Have we forgotten the point of compromise?
Why compromising your relationship isn't always a good idea
Self-isolation is an opportunity to ask questions about how your relationship works.
A very specific term is often used in conversations about romantic relationships: willingness to compromise. For example, many relationship experts say that the key to a successful partnership is being able to take one step towards the other. But in some cases this advice isn't all that helpful.
An example: You are 100 percent certain that you want to have children at some point, but your partner does not. What would be the middle ground here? Half a child? Joking aside, in this particular situation it is not an option to simply throw one's own needs overboard. Why? Because one of you will end up being far from happy with the situation.
So there are situations in which compromises can actually damage the relationship. But sometimes they are also helpful. The question is: where is the line between these “healthy” and “unhealthy” compromises? How much should you give up on the relationship with love so that harmony is not jeopardized? And when should you not make compromises so as not to betray yourself and your convictions and thereby endanger the relationship in the long term?
The basis of healthy compromises is self-esteem. Ask yourself what you want from this relationship and what your partner needs to do to make it happen. This includes big topics likeDo you want kids Do you want to marry? Where do you want to live?, but also little things likeWho takes on which tasks in the household?. It sounds self-explanatory, but we often forget it: Before you even start talking to your girlfriend or boyfriend, you have to think about your answers to these questions for yourself. With these preliminary considerations, you can later formulate your wishes and no-gos more clearly, communicate more effectively and avoid an argument.
So now you are ready to discuss the issues with your partner. You should be as honest, open and specific as possible, advises the sex scientist Dr. Jess O'Reilly. For example, if you want more sex, she recommends doing the following: Start with a compliment like, “I love feeling so close to you during sex. Then I feel so secure, relaxed and desirable ”. Next, ask a question to start the conversation, like “What do you think of our sex lives? Is there anything I can do to make it more fulfilling for you? ”. And in the last step you can express your idea or your need: “I know we are both super busy during the week, but can we plan more time for sex on the weekends? Would that be ok for you?".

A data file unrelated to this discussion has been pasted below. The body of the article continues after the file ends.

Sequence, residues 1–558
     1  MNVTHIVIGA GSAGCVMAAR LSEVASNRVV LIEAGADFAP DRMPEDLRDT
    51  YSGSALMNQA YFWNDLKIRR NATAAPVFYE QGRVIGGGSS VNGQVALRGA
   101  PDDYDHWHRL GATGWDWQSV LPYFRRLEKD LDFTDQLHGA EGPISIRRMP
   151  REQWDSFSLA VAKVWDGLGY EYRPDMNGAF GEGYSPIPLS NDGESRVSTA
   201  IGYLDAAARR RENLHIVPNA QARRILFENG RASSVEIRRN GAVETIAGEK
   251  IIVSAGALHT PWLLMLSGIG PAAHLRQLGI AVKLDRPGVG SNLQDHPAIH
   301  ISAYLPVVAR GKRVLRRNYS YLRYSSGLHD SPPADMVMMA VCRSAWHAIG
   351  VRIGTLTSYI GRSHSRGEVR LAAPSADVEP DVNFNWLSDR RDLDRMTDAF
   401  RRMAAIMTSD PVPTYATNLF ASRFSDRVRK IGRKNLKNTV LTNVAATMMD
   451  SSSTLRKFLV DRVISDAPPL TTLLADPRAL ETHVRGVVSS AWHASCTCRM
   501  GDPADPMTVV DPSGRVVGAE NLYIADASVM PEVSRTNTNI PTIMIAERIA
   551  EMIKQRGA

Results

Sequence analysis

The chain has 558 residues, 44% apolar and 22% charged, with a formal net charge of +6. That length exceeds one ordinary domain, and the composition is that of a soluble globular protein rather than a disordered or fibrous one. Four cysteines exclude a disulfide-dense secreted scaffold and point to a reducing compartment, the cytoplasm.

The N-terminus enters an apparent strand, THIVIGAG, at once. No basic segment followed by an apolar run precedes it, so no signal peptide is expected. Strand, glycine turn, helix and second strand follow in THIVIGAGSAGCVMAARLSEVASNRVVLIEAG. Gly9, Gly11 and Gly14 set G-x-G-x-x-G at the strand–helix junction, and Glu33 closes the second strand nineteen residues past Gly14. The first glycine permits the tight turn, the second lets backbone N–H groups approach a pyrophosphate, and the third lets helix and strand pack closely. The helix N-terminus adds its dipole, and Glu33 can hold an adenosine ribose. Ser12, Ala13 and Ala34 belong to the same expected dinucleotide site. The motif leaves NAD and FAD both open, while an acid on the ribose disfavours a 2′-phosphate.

This three-part approach might sound a bit awkward at first, but it's effective! On the other hand, what you absolutely shouldn't be doing is complaining directly about your sex life (or whatever your problem is). It's not about putting the others down or blaming them, but rather working on the relationship together. After all, you want him or her to understand your side so that you can then find a solution together that you are both happy with.
If the situation is the other way around and your partner comes up to you, try to both stay open and let the other one finish speaking, says Dr. O'Reilly. Many people think that compromising means making a sacrifice. As if they weren't getting what they wanted. And that is why they are, in principle, directly against it. But according to Dr. O'Reilly is not. “Doing something for your partner doesn't have to feel like losing money. In fact, it can bring you both more joy, love, and fulfillment. "
At the same time, it's also important to notice when a request from your girlfriend or boyfriend doesn't feel right to you. "Think about whether it is something that you are open to and whether it is compatible with your values," says Dr. O'Reilly. Ask yourself if there is a change that you (or your relationship) could grow on. Perhaps this could teach you or her an important lesson. “Then you should ask about the details: What exactly does your partner want? Talk to each other about what that would mean in concrete terms - for you, your relationship and your everyday life. ”If after all these considerations and the conversation you have a good gut feeling, the compromise is probably a good idea. If, on the other hand, the whole thing gives you stomach ache and maybe even negatively impacts your self-esteem, that's a bad sign. It may then be necessary not only to talk about the compromise itself, but also to look for the cause. Perhaps there are deep relationship issues that lie behind the whole thing that you should urgently discuss.
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